Coach Inc. (COH), the largest U.S. luxury handbag maker, reported fiscal third-quarter profit that beat analysts’ estimates, helped by demand in North America, and said it may sell its Reed Krakoff brand. The shares jumped.
Net income rose 6.2 percent to $238.9 million, or 84 cents a share, in the three months ended March 30, from $225 million, or 77 cents, a year earlier, New York-based Coach said today in a statement. Analysts projected 80 cents, the average of 30 estimates compiled by Bloomberg.
Coach is working to turn itself into a dual-gender lifestyle brand by adding more shoes, jewelry, outerwear and fragrances at its main stores amid increased competition from Michael Kors Holdings Ltd. (KORS) and Tory Burch LLC. Coach’s new footwear was well-received by consumers while men’s offerings helped drive sales, Victor Luis, who will succeed Lew Frankfort as chief executive officer in January, said in the statement.
“The quarter was really impressive,” Liz Dunn, an analyst at Macquarie Group in New York, said in a telephone interview today. The “two operational highlights” were a North American comparable-store sales gain and an improvement in gross margin, she said.
She rates the shares outperform, the equivalent of buy.
Coach climbed 9.8 percent to $55.55 at the close in New York, the biggest one-day gain since October 2010. The shares are little changed this year, compared with an 11 percent advance for the Standard & Poor’s 500 Index.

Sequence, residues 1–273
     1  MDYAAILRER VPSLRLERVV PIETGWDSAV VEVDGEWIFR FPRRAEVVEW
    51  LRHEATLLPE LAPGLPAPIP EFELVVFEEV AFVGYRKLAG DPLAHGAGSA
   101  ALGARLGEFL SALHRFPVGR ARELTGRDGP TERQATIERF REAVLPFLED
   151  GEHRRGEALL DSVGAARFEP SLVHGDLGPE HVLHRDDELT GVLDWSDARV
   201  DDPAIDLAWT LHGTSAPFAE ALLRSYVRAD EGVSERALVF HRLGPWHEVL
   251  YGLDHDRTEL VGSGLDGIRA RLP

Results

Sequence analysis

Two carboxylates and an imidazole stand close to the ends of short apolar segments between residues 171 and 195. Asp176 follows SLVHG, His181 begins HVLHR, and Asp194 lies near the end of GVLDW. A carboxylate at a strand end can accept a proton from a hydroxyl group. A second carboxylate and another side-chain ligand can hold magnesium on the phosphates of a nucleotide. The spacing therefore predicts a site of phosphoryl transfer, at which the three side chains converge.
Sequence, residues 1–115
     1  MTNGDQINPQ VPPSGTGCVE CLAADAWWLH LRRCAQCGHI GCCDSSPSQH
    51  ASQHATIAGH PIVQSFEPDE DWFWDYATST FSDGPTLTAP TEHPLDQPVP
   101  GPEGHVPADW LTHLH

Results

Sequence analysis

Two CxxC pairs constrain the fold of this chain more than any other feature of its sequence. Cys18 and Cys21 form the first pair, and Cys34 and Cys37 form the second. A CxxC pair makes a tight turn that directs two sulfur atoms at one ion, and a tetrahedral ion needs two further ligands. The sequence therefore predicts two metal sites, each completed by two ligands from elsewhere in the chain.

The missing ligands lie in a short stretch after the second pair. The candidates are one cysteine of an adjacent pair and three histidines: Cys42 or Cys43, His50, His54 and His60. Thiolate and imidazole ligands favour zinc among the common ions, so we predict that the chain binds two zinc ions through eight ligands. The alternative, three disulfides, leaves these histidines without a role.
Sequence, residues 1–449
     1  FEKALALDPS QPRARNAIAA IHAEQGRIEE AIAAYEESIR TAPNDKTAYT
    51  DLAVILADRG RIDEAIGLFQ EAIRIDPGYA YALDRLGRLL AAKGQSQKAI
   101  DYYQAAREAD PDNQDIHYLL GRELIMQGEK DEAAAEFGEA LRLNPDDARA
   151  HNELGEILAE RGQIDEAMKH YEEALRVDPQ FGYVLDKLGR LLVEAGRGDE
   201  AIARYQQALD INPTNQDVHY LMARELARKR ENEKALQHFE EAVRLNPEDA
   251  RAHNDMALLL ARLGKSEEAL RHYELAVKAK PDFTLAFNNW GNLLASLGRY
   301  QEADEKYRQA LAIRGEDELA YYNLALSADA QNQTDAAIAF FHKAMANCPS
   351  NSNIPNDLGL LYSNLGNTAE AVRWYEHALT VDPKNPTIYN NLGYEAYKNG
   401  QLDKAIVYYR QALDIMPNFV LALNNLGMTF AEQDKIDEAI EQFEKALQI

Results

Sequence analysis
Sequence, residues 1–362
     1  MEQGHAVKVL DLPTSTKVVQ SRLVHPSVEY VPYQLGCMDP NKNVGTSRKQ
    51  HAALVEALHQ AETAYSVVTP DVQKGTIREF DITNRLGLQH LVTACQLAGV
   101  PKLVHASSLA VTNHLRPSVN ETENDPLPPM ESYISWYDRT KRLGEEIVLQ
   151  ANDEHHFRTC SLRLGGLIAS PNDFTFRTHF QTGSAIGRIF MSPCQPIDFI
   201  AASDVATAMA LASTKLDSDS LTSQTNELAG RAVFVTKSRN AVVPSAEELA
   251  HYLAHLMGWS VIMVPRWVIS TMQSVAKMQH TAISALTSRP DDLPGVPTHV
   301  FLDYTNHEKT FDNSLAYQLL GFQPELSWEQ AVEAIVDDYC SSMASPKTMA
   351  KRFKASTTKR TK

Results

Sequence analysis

Coach said Reed Krakoff, president and executive creative director, won’t renew his contract when it expires next year. The company will explore options including a possible sale of his namesake clothing and accessories brand to a group including Krakoff. Coach also said it is looking for his successor.
“It is certainly a loss,” Dunn said. “He has been a real architect of the brand. His departure ushers in a new era. The company has a strong design aesthetic and heritage to draw from and I’m sure as they look to find a new lead designer, they will draw on that and not change direction entirely.”
Sales at stores open at least a year in North America increased 1 percent in the quarter. Michael Binetti, an analyst at UBS AG, and Faye Landes, at Cowen Group Inc., estimated a 1 percent drop. Both New York-based analysts rate the shares neutral, the equivalent of hold.
Comparable-store sales in China, meanwhile, grew at a double-digit rate in percentage terms, the company said.
Total revenue increased 7.1 percent to $1.19 billion, topping the $1.18 billion average of analysts’ estimates
Gross margin, the share of sales left after subtracting the cost of goods sold, expanded to 74.1 percent from 73.8 percent a year earlier.
Coach also increased its annual dividend 13 percent to $1.35 today.
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